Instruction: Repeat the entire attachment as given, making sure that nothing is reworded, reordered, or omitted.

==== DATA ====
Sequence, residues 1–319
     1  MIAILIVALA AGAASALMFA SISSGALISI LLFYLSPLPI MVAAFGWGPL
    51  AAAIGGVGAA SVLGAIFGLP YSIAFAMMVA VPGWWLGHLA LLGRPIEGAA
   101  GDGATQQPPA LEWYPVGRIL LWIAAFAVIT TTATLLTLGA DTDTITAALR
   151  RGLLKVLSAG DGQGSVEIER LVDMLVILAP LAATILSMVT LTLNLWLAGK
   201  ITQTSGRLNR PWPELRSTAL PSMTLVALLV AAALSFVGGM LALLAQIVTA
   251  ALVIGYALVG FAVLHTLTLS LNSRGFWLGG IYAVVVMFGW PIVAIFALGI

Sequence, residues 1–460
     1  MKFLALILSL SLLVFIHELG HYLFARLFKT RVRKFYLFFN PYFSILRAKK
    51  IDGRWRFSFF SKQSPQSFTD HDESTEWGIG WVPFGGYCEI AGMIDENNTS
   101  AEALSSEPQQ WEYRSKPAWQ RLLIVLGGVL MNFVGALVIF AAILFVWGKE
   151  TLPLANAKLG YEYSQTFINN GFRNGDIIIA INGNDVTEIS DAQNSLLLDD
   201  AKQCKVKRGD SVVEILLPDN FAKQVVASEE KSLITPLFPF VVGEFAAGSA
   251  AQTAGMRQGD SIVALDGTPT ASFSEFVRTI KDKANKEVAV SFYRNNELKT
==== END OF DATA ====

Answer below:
Sequence, residues 1–319
     1  MIAILIVALA AGAASALMFA SISSGALISI LLFYLSPLPI MVAAFGWGPL
    51  AAAIGGVGAA SVLGAIFGLP YSIAFAMMVA VPGWWLGHLA LLGRPIEGAA
   101  GDGATQQPPA LEWYPVGRIL LWIAAFAVIT TTATLLTLGA DTDTITAALR
   151  RGLLKVLSAG DGQGSVEIER LVDMLVILAP LAATILSMVT LTLNLWLAGK
   201  ITQTSGRLNR PWPELRSTAL PSMTLVALLV AAALSFVGGM LALLAQIVTA
   251  ALVIGYALVG FAVLHTLTLS LNSRGFWLGG IYAVVVMFGW PIVAIFALGI

Sequence, residues 1–460
     1  MKFLALILSL SLLVFIHELG HYLFARLFKT RVRKFYLFFN PYFSILRAKK
    51  IDGRWRFSFF SKQSPQSFTD HDESTEWGIG WVPFGGYCEI AGMIDENNTS
   101  AEALSSEPQQ WEYRSKPAWQ RLLIVLGGVL MNFVGALVIF AAILFVWGKE
   151  TLPLANAKLG YEYSQTFINN GFRNGDIIIA INGNDVTEIS DAQNSLLLDD
   201  AKQCKVKRGD SVVEILLPDN FAKQVVASEE KSLITPLFPF VVGEFAAGSA
   251  AQTAGMRQGD SIVALDGTPT ASFSEFVRTI KDKANKEVAV SFYRNNELKT